The dollar was steady on Tuesday and the yen stayed near three-weeks lows, as investors remained optimistic about progress toward a COVID-19 vaccine and the currency markets digested Monday's big moves.
U.S. drugmaker Pfizer Inc and German partner BioNTech SE said on Monday a large-scale clinical trial showed their vaccine was more than 90% effective in preventing COVID-19 - news which drove renewed appetite for risk that lifted global markets.
The dollar's rise on Monday of 0.5%, analysts said, was caused by investors quitting long positions in other major safe-haven currencies such as the Japanese yen and the Swiss franc.
The dollar was flat against a basket of major currencies, near its previous session's highs, as market participants declined to push it further in light of uncertainty about how or when a vaccine could be rolled out.
U.S. Treasury yields held their Monday increases, and the spread between two-year and 10-year notes widened slightly, in choppy trading. Major U.S. and European stock indexes at midday Eastern Time were also holding steady with most of their gains from Monday.
"Today is a little bit of a cool-off from what we've seen in this past couple of days," said Minh Trang, senior FX trader at Silicon Valley Bank. "I don't mind a little bit of a breather. November has been very, very interesting."
Neil Jones, head of FX sales for financial institutions at Mizuho, said he expected the risk-on moves to hold. "We need more clarity in terms of the distribution, quantities, timeline, and to whom," Jones said."On balance, that optimism will remain for now."
The dollar had lost around 1.4% this month until Democrat Joe Biden's victory in the U.S. presidential election became apparent over the weekend.
The Japanese yen, which had its biggest one-day fall since March after the vaccine announcement, was little changed Tuesday at 105.28 yen to the dollar. The yen had initially clawed back some of its losses from the day before.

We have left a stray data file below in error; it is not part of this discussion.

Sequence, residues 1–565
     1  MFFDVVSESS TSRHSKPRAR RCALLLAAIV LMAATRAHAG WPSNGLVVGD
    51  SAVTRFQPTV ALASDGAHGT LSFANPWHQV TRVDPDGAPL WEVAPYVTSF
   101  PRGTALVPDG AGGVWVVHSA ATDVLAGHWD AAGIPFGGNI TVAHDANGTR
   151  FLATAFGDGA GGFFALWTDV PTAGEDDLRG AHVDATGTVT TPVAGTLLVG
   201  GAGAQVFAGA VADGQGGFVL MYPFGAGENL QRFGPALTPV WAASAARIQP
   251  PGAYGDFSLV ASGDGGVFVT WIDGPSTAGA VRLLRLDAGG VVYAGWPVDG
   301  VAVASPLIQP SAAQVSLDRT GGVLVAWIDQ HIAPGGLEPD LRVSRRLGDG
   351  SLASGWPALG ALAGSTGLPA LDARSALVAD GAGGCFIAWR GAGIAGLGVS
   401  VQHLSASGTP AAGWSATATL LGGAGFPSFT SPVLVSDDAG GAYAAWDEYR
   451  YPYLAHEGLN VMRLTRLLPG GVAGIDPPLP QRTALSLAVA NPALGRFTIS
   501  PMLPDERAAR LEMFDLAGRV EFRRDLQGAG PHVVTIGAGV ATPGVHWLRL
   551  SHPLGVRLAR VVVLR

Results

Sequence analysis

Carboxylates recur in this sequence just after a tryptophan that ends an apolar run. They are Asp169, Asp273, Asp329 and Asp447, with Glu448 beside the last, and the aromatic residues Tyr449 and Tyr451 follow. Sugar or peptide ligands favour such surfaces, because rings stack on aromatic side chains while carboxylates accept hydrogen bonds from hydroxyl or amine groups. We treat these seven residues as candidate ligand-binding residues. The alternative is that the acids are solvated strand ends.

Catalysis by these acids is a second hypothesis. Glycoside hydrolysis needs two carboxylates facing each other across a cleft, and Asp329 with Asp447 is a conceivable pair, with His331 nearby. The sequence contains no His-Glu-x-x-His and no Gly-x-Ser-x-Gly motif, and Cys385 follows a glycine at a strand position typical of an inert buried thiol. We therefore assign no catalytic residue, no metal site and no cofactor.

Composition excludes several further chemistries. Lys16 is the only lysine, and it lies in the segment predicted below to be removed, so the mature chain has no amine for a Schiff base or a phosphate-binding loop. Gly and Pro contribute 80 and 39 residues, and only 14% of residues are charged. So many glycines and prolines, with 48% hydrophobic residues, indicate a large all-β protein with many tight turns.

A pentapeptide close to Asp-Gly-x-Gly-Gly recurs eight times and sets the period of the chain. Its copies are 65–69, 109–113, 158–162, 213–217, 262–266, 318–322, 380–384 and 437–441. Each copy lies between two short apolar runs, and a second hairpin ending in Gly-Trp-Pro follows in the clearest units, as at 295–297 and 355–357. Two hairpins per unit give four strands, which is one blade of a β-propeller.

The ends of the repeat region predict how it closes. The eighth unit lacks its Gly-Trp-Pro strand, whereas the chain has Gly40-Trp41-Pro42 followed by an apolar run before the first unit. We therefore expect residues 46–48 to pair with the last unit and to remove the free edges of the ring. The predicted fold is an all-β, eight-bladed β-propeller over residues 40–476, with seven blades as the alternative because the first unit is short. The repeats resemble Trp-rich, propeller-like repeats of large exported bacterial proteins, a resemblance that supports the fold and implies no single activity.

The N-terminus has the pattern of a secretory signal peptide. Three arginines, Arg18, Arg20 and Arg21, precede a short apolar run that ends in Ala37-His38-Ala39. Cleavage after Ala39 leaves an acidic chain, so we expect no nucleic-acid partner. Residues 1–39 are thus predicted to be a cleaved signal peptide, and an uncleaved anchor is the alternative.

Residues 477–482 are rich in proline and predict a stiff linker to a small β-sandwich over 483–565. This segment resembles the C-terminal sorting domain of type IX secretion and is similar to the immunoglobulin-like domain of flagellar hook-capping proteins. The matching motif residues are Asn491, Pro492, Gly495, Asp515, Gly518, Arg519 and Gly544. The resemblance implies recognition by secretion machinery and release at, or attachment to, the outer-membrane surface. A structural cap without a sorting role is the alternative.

The Swiss franc gained marginally, with the dollar rising 0.1% to 0.914 franc after Monday's 1.5% gain.
"Following a euphoric market reaction such as that, the question that now arises is whether it was justified or possibly exaggerated," wrote Commerzbank FX and EM analyst You-Na Park-Heger in a note to clients.
Possible catalysts for future changes in exchange rates include new talks in Washington on another round of government spending to stimulate the economy, said Trang of Silicon Valley Bank.
"That's the next topic that most people will be focusing on in the next six months," he said.
Senate Majority Leader Mitch McConnell said on Tuesday afternoon that he did not see a need for a giant coronavirus relief bill. "It seems to me that snag that hung us up for months is still there," the Republican told reporters.
Euro-dollar was broadly flat at $1.1823. In the previous session, it rose to as high as $1.192, but went no further, which Mizuho's Jones said could be due to the European Central Bank having signaled its awareness of the downsides of rapid euro strength.
The Australian dollar - seen as a liquid proxy for risk appetite - was flat, holding gains it made in the immediate aftermath of the vaccine news.
The New Zealand dollar was up 0.2% and poised to extend to eight days its streak of consecutive session of gains.
China's offshore yuan, which has been gradually strengthening since May, was up slightly on Tuesday after hitting 2-1/2-year highs versus the U.S. dollar on Monday..